I seem to forget that the average internet user is only submerged in this strange online world a couple of blow-off hours a day, while I’m here all day. I work here.

And sometimes I forget my imperative to disconnect and then I wind up playing here after having worked here all day.

As much as the internet tends to provide huge benefits to people like me, along with the freedom of not being tied down to a cubicle in some dark corner of the office, it’s also brought about a mentally unhealthy disconnect that I’m seeking to correct.  I’ve made the assumption for too long that how I use the internet is also how nearly everyone else uses it, and due to that assumption, there’s been no end of frustration trying to connect to people who live most of their lives (sociably and otherwise) off-line.

To some extent I blame the area I live in now, the bubble of Long Island that has made it nearly impossible for me to connect to the communities (or lack thereof) here in a meaningful way.  There are, as couples approaching the end would say, irreconcilable differences between me and this place, leaving me no other recourse but to simply move.  Dealing with the hostility of what I’ve come to regard as a truly evil place has driven me ever inward and deeper into my personal man cave, reducing any outings to quick runs at the supermarket after hours.

This isn’t fanciful thinking either; I’ve read far too many emails from people who left New York telling me stories of how their lives were completely transformed by the move.  They could finally spread their wings like a butterfly and explore the world around them with a sense of joy and peace.

I’ve come to realize the internet simply can’t replicate that; there are certain things I can only truly appreciate the fullness of by living it in real life rather than online.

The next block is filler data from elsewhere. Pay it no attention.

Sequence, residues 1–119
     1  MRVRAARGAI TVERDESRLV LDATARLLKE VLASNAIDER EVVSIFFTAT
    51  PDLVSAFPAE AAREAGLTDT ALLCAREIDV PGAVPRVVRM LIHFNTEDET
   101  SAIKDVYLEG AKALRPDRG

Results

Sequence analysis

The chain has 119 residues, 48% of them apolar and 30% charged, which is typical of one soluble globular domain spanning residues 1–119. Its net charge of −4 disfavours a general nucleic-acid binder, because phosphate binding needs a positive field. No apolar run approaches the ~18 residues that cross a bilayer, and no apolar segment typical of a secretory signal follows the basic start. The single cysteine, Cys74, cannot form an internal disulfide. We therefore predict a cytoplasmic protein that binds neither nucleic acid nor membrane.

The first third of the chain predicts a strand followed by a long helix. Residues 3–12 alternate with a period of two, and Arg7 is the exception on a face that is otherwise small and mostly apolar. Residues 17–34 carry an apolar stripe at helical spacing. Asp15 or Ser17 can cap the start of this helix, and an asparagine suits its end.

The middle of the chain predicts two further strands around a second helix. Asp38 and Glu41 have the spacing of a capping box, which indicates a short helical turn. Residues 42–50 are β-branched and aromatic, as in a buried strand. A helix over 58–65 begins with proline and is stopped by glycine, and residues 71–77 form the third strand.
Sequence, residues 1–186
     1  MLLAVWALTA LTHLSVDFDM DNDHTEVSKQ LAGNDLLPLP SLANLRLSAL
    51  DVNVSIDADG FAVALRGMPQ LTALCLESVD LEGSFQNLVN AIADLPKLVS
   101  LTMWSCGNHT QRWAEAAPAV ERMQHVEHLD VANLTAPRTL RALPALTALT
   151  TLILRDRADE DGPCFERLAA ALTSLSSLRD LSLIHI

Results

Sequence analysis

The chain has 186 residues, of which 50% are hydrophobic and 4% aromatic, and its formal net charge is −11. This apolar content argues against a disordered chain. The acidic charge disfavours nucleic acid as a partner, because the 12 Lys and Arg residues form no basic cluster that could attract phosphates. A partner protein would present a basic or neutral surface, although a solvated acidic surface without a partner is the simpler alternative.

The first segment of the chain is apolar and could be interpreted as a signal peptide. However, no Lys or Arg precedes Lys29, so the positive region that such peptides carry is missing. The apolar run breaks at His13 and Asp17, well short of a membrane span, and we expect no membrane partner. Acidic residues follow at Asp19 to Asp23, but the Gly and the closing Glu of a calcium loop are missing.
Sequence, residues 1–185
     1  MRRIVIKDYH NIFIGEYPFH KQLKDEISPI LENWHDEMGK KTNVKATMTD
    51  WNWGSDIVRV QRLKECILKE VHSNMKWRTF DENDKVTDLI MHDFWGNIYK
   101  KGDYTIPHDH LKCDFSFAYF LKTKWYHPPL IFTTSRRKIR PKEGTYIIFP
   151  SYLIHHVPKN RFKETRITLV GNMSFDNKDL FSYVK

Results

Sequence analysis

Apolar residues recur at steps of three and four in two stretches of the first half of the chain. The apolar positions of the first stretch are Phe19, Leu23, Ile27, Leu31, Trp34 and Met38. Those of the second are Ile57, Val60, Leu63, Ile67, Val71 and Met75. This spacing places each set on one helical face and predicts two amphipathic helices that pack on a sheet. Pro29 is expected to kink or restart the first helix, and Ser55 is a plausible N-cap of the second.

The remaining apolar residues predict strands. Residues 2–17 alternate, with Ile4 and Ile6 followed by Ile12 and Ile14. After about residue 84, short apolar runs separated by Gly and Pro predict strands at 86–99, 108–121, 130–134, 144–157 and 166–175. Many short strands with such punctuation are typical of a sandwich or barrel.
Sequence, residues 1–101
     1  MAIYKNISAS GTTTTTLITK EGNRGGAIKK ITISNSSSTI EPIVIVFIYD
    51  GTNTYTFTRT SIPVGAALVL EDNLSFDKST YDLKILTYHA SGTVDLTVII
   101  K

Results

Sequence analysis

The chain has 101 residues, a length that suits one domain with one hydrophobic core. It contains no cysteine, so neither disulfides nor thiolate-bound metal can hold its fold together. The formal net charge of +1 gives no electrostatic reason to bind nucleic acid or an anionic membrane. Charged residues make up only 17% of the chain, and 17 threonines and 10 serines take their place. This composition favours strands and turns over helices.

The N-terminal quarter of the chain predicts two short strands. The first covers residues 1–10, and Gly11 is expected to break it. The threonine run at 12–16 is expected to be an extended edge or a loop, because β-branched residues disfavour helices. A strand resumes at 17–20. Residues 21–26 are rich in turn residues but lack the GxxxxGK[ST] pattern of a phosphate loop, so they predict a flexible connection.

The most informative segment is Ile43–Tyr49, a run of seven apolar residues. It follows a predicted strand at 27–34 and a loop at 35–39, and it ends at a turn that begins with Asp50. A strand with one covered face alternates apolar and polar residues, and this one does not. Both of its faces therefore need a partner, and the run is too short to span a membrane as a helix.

Why I hate Long Island with all my heart and soul

Those people who talk about cities like Detroit being the worst places to live have clearly never been to Long Island.  Having been a lifelong native here, I can say without any shadow of doubt that this fish-shaped extension of sewage material, located due east of Manhattan, is one of the most intolerable, despicable, grimy, disgusting, vile, evil, filthy, overpopulated mounds of fecal matter to ever bedevil the history of man.

Map of Long Island and NYC boroughs

WELCOME TO HELL

After traveling to over 30 states in the past few years, I’ve come to believe that Long Island uniquely exemplifies everything that’s wrong with this country.  The exorbitant costs of living, the utterly corrupt police departments, the pothole riddled streets, a populace with disturbingly schizophrenic leanings, the high taxation, the list goes on and on.  In a way, you could say Long Island is the kind of place that offers all the downsides of New York City, with none of the upside.

Long Island natives have an unusual proclivity for bipolar behavior, a reality that made my time growing up here a less than pleasant one.  Hot one day, cold the next.  Nice one day, a stone of rudeness the next.  There was no consistency to the way people acted.  I thought it was just me, but my mother told me her experience had been the same when she was a child, having been a former NYC native before moving further out east to Suffolk County, and recalling how utterly bewildered she was as well by Long Islanders’ neurotic behavior.

I should mention, while Brooklyn and Queens is technically a part of Long Island, they are actually boroughs of New York City, retaining a distinctive difference in culture that remains separate from the suburban sprawls of Nassau and Suffolk County.  It is these two specific counties that make Long Island what it is, and to which I reserve my unrepentant, vitriolic hatred for.

It wasn’t just my mother and me who noticed the peculiar behavior of the natives.  Anyone I spoke to that was from out of town made the same observations:  “Man, people are crazy here.  Must be something in the water.”  It didn’t matter where they came from either.  I’ve met foreign exchange students, people from Europe, people from out of state, even people from nearby Manhattan, and their reactions were nearly always the same.  They ALL blamed the water too.

One of the things that clued me in to why Long Island natives were such a mentally unstable, psychotic bunch was a little factoid I learned back when I was taking Psychology 101 in college.  My professor had mentioned in passing that Long Island had the largest percentage of mental institutions per square mile than anywhere else in the country.  Literally.

Well, that certainly answered a few questions.